AWP Award Series: Lucas Southworth’s Everyone Here Has a Gun and Joan Naviyuk Kane’s Hyperboreal
I wasn’t expecting my friend D to smash the green anole with a rock. But he did, and the lizard’s insides smeared red against the concrete driveway. Its eyes, black and bleeding, sunk into its tiny skull. We were nine.
I’d caught the green anole in the tree down the street. We caught brown ones all the time, and sometimes giant Cuban anoles, bumpy and long as our forearms. But the finger-length green anoles—those were something to celebrate. They were what we deemed rare. Before D smashed the lizard, we sat, he and my brother and I, passing the anole around, letting it slip over our browned knuckles. It was beautiful: bright green, white-bellied, soft. And then the rock came down. D broke the squirming lizard in one swift move.
Lucas Southworth’s short story collection, Everyone Here Has a Gun, the winner of the 2012 Grace Paley Prize for Short Fiction, packs a similar punch. The stories are tense, gritty, and dark, full of sons raised to kill fathers and boys nailing chipmunks to walls. These characters hover at the edge of disaster. They exist in the unsettling shadows between innocence and violence.
On the other hand, Joan Naviyuk Kane’s poetry collection, Hyperboreal, winner of the 2012 Donald Hall Prize for Poetry is quieter. These are poems about change, heritage, and hope. It’s easy to sink into her language—language that grounds readers in the resilience of the natural world and the Inuit culture that inhabits her poems. If Southworth’s collection is the discovery of my childhood friend’s capability for violence, then Kane’s collection is the turning over of rocks in the backyard to find shiny beetles: surprising, mysterious, survivalists.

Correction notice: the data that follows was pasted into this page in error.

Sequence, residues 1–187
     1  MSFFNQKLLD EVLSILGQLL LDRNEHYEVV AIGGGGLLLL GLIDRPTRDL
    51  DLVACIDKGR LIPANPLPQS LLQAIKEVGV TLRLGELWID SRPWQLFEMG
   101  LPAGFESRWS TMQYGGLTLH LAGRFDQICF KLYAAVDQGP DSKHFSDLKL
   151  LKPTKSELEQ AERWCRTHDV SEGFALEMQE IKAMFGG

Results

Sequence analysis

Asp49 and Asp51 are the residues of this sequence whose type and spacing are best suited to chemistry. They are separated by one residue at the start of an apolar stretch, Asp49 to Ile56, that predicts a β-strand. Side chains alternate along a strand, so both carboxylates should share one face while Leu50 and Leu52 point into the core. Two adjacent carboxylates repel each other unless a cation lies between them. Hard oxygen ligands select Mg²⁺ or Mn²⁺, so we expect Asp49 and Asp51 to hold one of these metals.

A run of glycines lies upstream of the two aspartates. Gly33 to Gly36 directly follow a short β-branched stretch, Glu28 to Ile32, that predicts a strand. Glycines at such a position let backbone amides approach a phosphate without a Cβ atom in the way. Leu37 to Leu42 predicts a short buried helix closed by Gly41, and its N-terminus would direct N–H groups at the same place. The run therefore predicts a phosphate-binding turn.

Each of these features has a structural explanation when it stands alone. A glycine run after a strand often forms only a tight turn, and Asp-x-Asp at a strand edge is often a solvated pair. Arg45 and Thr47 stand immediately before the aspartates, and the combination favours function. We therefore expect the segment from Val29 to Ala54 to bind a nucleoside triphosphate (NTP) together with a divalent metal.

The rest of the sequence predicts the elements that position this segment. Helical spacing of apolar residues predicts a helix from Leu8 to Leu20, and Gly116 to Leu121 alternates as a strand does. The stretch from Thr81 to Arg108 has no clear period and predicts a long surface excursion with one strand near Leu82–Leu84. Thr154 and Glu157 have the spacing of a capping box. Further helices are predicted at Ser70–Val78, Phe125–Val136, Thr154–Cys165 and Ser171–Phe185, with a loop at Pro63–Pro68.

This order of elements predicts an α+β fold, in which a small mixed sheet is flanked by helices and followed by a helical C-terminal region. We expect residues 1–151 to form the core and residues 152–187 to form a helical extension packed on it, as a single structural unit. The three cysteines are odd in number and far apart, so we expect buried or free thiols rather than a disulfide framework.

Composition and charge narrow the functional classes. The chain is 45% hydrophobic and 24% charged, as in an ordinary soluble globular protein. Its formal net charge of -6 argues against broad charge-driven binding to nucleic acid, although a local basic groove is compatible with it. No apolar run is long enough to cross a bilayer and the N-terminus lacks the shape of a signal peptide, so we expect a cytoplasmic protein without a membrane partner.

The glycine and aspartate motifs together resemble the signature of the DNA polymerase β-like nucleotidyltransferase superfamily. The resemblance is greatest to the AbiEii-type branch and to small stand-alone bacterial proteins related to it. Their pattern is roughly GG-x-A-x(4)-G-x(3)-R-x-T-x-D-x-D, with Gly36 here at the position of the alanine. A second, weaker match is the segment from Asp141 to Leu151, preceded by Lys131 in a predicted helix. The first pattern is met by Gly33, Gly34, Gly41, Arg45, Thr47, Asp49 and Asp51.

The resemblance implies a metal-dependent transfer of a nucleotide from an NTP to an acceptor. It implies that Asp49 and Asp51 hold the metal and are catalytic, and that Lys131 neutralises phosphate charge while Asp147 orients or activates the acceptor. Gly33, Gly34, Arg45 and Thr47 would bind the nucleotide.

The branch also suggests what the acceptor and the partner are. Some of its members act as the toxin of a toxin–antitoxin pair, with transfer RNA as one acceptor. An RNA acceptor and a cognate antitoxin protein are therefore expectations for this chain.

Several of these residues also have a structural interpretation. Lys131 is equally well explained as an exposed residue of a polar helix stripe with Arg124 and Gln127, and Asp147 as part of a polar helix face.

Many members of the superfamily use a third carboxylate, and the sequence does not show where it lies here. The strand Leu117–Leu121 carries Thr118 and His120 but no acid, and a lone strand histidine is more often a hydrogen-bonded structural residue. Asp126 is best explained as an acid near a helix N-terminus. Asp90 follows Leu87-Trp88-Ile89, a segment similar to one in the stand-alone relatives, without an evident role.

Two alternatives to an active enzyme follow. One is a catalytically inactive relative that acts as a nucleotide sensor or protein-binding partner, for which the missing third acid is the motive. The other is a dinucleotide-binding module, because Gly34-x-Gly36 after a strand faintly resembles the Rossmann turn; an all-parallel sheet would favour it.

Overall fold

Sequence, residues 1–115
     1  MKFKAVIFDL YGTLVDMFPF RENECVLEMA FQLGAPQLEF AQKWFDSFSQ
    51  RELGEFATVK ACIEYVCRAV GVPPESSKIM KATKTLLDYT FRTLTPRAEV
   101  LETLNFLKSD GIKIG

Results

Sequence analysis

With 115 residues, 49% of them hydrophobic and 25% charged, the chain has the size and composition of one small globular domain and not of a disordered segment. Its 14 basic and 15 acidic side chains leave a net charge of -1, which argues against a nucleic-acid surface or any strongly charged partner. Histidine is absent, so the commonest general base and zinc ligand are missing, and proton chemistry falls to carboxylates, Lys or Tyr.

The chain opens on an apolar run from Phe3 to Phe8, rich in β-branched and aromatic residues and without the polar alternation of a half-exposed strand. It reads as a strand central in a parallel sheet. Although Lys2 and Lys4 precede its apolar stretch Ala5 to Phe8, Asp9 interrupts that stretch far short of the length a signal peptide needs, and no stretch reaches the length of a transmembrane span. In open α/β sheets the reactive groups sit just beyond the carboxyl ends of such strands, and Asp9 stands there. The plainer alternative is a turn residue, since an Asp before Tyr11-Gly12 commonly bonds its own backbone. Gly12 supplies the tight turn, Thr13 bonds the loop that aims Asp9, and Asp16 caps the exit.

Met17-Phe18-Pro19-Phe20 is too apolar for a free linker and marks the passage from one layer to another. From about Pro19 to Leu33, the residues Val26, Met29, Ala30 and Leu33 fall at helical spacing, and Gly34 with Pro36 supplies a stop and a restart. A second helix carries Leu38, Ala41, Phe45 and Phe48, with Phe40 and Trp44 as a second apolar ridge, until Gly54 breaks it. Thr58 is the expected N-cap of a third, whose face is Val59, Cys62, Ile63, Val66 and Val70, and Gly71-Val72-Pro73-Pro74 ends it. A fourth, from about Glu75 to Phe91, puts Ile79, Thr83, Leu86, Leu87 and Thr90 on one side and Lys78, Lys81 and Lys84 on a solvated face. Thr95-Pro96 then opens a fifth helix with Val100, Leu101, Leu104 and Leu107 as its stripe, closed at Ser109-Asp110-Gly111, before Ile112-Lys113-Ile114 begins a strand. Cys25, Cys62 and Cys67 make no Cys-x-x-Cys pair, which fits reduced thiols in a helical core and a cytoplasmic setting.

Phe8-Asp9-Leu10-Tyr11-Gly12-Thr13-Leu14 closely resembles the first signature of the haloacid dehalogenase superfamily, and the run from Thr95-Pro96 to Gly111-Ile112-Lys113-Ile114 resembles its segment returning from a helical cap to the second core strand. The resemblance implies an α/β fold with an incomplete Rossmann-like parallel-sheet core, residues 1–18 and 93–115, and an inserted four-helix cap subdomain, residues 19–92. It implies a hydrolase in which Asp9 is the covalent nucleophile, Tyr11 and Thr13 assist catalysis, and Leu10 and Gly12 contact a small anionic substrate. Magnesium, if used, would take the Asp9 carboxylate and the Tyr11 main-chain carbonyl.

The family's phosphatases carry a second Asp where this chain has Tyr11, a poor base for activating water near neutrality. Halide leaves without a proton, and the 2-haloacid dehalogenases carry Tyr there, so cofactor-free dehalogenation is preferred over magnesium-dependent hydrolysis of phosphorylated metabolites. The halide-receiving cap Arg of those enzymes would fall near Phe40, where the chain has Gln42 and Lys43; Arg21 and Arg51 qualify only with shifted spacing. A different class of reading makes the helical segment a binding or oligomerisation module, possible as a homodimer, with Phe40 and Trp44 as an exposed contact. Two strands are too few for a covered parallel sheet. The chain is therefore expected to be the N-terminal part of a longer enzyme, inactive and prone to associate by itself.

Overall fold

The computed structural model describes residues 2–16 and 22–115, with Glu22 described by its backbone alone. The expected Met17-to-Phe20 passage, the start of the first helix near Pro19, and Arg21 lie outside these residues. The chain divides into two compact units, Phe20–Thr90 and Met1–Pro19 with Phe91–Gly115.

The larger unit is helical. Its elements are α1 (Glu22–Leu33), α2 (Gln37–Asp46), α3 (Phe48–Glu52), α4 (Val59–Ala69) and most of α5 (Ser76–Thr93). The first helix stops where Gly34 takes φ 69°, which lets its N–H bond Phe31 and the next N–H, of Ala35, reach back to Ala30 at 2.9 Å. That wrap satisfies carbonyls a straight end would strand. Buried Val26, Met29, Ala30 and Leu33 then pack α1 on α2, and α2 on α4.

Though both books focus on change and survival (environmental, personal), tonally and texturally they are opposites. For that reason, this playlist includes songs that are surreal, sinister representations of childhood fantasies (“Pure Imagination”—Fiona Apple, “Little Red Riding Hood”—The Coasters); unsettling songs that blend traditional musical styles with unnerving lyrics (“Billy’s Got a Gun”—Miss Li); and songs that are loud and gritty and edged with disaster (“Big Long Now”—Nirvana, “I Sat By The Ocean”—Queens Of The Stone Age, “You Rascal You”—Hanni El Khatib).
In deference to Kane’s poetry, however, the playlist also includes quiet, layered songs full of hope (“Love Love Love”—Of Monsters And Men) and quiet (“Re: Stacks”—Bon Iver) and rich with story (“Sons and Daughters”—The Decemberists). These are songs in which the lyrics, rather than sitting on top of the music, sink into it, just as Kane’s words are the story and create the story.
The full song list is below; you can listen to the playlist on Spotify here. In October, I also published a playlist for the two other winners of the 2012 AWP Award Series, which you can find here.
Happy New Year, Happy Reading, and Happy Listening!
“Pure Imagination” by Fiona Apple
“Lazuli” by Beach House
“Little Red Riding Hood” by The Coasters
“Devil’s Got a Gun” by Whitehorse
“Wolf Mother” by The Mynabirds
“My Girls” by Animal Collective
“You Rascal You” by Hanni El Khatib
“I Sat By The Ocean” by Queens Of The Stone Age
“Is There A Ghost” by Band of Horses
“The Beast and Dragon, Adored” by Spoon
“Re: Stacks” by Bon Iver
“Love Love Love” by Of Monsters And Men
“Sons & Daughters” by The Decemberists
“Big Long Now” by Nirvana
“Billy’s Got A Gun” by Miss Li